1st: Our travel agent, wether she knew or not, did not offer the possiblity that the cruise would not go to 60% of the original ports.
2nd: The cruise line was not forthcoming in explaining that cruises were being impacted to the level that you read in the postings of this website and others. In fact, they acted like the threat of low water was something that was just happening, when in actually, there cruise boats have been having problems all summer long.
3rd: Are cruise company's and travel agents suffering? Considering that the cruise boat that I was on last week was sold-out with individuals who were either uninformed or unaware of the impact of the drought on the water levels, NO the cruise lines and travel agents are not being impacted one bit.
4th: Solution: Don't decieve your customers by stating that "as far as you know the cruise will be unimpacted" when in realltiy , the last three cruises have been impacted. Establish alternative itinararys that are equal in quality. If you heard of the ridiculious events that were planned for our cruise in lieu of stopping in ports, you would laugh yourself silly.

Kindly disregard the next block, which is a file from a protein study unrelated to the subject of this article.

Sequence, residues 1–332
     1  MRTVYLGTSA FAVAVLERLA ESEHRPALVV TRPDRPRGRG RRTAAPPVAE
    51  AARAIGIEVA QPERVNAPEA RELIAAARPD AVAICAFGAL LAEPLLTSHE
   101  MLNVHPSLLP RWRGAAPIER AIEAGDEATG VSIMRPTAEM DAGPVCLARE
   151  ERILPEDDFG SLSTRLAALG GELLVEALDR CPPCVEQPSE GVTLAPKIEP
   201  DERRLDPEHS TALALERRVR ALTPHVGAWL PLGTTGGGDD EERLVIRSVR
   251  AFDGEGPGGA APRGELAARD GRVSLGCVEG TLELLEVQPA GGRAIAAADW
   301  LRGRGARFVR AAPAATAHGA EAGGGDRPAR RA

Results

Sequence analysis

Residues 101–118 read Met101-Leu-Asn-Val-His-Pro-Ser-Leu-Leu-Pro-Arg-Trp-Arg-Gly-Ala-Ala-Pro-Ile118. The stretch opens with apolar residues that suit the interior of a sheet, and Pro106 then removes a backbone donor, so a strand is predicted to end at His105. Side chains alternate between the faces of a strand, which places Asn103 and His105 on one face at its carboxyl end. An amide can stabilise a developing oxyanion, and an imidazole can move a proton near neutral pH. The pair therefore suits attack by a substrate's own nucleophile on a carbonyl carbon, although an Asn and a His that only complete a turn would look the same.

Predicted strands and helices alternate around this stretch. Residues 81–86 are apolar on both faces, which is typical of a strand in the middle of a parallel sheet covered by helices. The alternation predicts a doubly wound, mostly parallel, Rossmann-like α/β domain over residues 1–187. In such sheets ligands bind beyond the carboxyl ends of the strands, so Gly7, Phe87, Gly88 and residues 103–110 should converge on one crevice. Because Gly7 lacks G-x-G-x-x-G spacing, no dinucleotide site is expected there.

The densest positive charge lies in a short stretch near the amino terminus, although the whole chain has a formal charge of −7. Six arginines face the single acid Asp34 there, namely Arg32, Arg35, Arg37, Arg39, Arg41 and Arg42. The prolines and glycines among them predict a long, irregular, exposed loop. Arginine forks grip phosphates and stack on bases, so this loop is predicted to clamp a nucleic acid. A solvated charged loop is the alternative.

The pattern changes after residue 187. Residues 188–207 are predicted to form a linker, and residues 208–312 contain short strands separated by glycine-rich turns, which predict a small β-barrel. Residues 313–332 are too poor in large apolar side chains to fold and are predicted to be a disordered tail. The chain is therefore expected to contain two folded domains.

5th: Provide due compensation to the passengers based upon what impact that the cruise has had on the original itinanary. If the crusie boat stays in a port days longer than that originally scheduled or 60% of the original ports are not visited, than the cruise line should refund an agreeable portion of the cost of the cruise. I'm implying 15% to 20%.
Heres a better way of understanding my crusie experience:
Imagine going to a 2 hour movie where the theater decides to skip the first half of the movie and only show the last hour of the movie. But to fill up the time of the full 2 hours, it shows the movie at a slower speed.
Do you not think there is a problem with marketing a full cruise and only providing a partial cruise at full price?
Jeff Dash, President of Viking Cruise Lines, will hopefully respond to my letters to the previously mentioned concerns of both my wife and myself.